“Do you believe in ghosts?” I often ask. People usually respond with a noncommittal answer:
“In theory, but—“
“Oh, you know. If I had to say, I might.”
I do believe, because I swear that I’ve been visited by them. Embodied by them. Two different ghosts. I summon them in the mirror when I feel the most alone. I pray to the ghosts of my mother and Hart Crane.
We held each other the whole night. It was easy inside a fog of alcohol and lust. When I kissed him my mouth migrated to the corners of his skull, the curves behind his jaw. I bit the poet’s earlobes. He rolled into me. We talked about power, or I did. I couldn’t explain the answers to his questions but I felt no need. Sleep, talking, our mouths all blended together into steam. it was a warm night.
“And I felt like—“
“—you’re projecting. Onto me.”
Aren’t we all? And I forgot the rest of the conversation.
“—your pretty eyes.”
The soil is cold and damp in my hands. It is clumped into fragile shapes that fall into particles. Shiver down my spine. The loose grains fall between my fingers.
My sister holds a long stemmed white rose in one hand. She will throw it in after I drop my handful. The rose will return to the earth. I cannot see if she is crying because I divert my eyes before the wind blows the hair away from the smooth skin of her face.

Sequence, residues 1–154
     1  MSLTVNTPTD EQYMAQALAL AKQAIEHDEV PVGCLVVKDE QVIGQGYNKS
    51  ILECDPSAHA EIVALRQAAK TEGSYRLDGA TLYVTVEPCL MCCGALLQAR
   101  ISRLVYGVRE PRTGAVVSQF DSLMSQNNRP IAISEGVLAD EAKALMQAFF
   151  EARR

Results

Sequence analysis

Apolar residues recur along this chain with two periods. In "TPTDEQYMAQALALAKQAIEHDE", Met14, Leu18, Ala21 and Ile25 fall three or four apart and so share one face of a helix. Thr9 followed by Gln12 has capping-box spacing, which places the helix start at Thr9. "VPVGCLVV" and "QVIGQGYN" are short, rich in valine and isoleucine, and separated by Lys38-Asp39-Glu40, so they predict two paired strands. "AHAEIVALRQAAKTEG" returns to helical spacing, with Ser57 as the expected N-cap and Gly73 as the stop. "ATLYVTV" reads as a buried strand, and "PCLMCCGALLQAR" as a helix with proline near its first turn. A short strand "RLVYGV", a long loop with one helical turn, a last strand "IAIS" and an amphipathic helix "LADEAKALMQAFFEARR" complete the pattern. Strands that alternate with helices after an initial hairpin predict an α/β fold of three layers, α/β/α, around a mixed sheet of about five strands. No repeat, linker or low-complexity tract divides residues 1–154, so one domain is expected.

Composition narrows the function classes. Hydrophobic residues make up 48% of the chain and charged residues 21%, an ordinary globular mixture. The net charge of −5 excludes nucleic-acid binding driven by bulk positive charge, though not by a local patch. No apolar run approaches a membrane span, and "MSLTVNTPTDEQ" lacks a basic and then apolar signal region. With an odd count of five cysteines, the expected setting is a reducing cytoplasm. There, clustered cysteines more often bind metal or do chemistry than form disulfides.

Before we made our First Communion in second grade, we had to complete Reconciliation. It was during the regular Catechism class session, so there was a rush to fit all of the kids in during that evening hour. We lined the stairs leading to the basement, filing down for our individual turns. The turns lasted only a few seconds, but it made you worthy again. A mass production.
Enter, sit, confess, three Hail Mary’s. Earn the right to consummate with your Lord. Repeat. Eat the body. Repeat. Drink the Blood. Run my hands on his skin, wine veins dripping and soaking through bread. The Body of Christ. Hold the wafer in my mouth, be blessed. The Father, the Son, The Holy Spirit.
The line extended through the main part of the church. I felt Jesus’s eyes longing, lips despairing, gravid body sagging behind me as I descended, one small step at a time.